Our founding Symposiast Theodore Zeldin – Palestine-born Emeritus Fellow of St. Anthony’s College, philosopher, historian of all things French, seeker after happiness and intelligent conversation – provided an introduction to the Symposium’s 2011 cookbook, Celebrations, published to mark our 30th anniversary. As President of The Oxford Muse, you’ll find the professor’s thoughts, videos and paintings at www.oxfordmuse.com. Meanwhile, here’s Dr. Zeldin’s thoughts on who we are and what we do:
“When we started the Oxford Food Symposium, we were attempting to make a break with the past in three ways. First of all, we proposed that universities should give as serious attention to gastronomy as to astronomy or any other subject in their syllabus. Secondly, we invited non-academics, food writers and chefs and others to join us, so that we would not be a purely academic institution, but would benefit from the large number of knowledgeable people outside the universities who had interesting experiences to share. Thirdly, we combined the tasting of amazing meals and unusual ingredients with discussion of how we have come to eat and cook the way we do. Instead of just publishing the essays which our members wrote about particular foods and about more general topics raised by food, we decided to meet to engage in conversations and debates about a different theme each year. We called ourselves a symposium because convivial discussion was a central part of our project. We liked the idea of people with different temperaments meeting and inspiring one another’s imaginations.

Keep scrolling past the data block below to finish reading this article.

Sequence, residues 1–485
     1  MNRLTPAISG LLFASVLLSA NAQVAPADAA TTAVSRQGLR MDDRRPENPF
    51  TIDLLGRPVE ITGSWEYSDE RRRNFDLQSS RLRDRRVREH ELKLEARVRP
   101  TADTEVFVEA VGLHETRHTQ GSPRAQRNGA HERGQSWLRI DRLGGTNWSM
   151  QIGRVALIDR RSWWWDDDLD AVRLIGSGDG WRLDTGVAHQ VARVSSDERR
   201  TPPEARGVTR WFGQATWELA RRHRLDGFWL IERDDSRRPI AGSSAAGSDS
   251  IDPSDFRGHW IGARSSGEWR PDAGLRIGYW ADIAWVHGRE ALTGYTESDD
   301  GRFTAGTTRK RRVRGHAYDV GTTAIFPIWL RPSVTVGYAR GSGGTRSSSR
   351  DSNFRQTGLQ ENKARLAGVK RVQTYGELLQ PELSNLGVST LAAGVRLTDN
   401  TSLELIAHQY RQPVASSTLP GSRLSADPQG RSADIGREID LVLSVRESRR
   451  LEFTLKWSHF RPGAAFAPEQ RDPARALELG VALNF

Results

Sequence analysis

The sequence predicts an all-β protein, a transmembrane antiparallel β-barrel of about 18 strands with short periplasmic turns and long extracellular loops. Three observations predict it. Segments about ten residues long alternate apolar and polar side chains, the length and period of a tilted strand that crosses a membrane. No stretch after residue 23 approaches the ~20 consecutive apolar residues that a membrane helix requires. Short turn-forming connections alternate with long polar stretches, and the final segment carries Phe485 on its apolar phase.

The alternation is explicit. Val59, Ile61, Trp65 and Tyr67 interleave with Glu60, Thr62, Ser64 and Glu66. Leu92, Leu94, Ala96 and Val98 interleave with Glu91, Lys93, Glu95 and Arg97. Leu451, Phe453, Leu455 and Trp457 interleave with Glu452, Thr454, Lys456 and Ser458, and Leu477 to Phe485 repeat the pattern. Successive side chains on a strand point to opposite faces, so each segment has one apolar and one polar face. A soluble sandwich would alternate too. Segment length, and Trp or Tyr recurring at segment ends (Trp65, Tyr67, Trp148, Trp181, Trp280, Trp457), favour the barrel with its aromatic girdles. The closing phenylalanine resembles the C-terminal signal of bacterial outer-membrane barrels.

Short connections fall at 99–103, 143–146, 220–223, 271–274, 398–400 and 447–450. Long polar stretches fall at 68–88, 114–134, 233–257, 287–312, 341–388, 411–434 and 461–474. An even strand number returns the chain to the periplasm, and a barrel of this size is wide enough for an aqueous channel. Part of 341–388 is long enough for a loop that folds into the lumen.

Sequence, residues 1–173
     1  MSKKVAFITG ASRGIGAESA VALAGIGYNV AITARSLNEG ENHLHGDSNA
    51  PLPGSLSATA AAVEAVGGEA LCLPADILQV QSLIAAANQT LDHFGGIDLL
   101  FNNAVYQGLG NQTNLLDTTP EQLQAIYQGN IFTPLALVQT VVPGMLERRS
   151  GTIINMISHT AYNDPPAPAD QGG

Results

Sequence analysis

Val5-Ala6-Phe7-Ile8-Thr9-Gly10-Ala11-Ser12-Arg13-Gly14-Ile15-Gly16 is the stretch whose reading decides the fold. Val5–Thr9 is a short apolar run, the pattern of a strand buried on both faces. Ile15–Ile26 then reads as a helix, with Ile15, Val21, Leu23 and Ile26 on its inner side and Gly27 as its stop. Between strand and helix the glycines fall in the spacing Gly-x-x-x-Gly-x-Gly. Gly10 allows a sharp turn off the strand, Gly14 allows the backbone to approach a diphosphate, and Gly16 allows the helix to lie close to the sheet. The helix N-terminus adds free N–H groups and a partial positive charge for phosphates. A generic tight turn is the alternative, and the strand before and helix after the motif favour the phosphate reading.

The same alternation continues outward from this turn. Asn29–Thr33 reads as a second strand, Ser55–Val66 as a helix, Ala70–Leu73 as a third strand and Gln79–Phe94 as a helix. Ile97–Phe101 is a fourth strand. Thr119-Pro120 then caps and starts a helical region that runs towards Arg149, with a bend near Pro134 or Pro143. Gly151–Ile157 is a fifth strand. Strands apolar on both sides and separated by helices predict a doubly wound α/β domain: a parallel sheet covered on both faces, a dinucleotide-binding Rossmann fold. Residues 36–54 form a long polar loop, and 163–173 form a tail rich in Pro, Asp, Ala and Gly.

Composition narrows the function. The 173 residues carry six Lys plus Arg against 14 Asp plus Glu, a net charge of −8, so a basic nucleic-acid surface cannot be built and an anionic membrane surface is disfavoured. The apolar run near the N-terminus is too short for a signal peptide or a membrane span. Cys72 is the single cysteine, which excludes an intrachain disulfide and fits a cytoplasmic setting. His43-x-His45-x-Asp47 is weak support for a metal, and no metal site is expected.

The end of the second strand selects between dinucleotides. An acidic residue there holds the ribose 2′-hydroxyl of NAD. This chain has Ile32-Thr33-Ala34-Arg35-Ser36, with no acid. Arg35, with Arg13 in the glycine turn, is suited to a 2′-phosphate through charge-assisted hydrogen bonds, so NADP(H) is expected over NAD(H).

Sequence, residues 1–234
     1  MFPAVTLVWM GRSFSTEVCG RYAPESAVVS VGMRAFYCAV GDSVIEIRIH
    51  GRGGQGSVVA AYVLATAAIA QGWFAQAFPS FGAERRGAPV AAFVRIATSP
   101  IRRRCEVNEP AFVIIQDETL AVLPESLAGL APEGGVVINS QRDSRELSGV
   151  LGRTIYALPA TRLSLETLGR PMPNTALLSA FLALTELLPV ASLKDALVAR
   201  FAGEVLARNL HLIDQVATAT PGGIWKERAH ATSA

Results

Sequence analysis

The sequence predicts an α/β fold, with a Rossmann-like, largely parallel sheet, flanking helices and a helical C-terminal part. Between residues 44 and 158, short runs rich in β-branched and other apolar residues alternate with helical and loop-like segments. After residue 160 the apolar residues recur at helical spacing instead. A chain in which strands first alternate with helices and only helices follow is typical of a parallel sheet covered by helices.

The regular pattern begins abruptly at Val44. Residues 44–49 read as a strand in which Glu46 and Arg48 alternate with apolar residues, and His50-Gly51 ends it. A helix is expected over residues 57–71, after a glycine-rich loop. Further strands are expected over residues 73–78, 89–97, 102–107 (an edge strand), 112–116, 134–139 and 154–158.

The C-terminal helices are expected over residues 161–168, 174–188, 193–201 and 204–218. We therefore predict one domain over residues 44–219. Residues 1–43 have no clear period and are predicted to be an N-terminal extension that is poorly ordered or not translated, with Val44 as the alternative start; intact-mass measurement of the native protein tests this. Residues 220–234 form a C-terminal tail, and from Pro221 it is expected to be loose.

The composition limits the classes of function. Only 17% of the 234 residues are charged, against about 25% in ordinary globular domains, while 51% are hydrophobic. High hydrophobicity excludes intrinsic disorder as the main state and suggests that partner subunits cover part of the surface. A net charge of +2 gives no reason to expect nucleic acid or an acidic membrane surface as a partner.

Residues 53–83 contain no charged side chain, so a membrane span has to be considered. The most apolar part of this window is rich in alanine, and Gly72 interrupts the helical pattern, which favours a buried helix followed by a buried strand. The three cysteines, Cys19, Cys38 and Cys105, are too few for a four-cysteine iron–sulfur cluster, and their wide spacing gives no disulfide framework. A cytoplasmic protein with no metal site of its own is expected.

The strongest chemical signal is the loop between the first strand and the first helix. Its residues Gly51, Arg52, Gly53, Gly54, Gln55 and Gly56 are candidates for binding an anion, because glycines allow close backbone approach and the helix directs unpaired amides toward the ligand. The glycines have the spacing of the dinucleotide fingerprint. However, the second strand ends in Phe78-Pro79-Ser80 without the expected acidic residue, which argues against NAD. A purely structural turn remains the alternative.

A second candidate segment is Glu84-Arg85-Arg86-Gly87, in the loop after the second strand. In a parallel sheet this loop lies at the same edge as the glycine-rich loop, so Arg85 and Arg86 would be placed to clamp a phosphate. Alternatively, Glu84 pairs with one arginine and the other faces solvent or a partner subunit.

”At the time of our foundation, my colleagues at St Antony’s College, Oxford smiled sceptically at what they took to be a maverick excursion into unknown territory (I also started a cordon-bleu restaurant in the college, to compete with the institutional food served in Hall). Only one of them – the great Indian historian Tapan Raychaudhuri – ever attended our meetings, for they were too busy with the supposedly graver issues of politics and economics. But we did attract members from other colleges and universities, and gradually our initiative was followed in other countries, to the point that today there are university departments and graduate degrees in the history and culture of food in an increasing number of universities, and even Universities of Gastronomy. Our first objective has been attained, but only partially. We remain different in that we are focused not on teaching, but on the advancement of knowledge: we resemble a research institute, in that we encourage research, although we are a network rather than a building, and meet only for one grand week-end event each year. Our members come from many nations. We hope our readers will be encouraged to embark on original research of their own.
”Our second goal remains important, because despite the vast expansion of higher education and the proliferation of specialised courses, so that there are now many more highly trained experts in cooking and food, we are very keen on benefiting from the input of non-academics. One of our very first recruits, Elisabeth David, who was not an academic, said that of all the honours she received, the one she valued most was being elected a Fellow of the Royal Society of Literature. We see humour and art and theatre and fantasy as integral parts of our mission.
”Our third goal, of remaining convivial, has survived and our meetings are as entertaining as they are instructive. We have deliberately limited our numbers because large organisations can easily become anonymous and bureaucratic. We are aware that there is a strong case for having regional meetings to accommodate the growing interest in our activities, but we will need a generous benefaction to fall from the sky to make that possible.”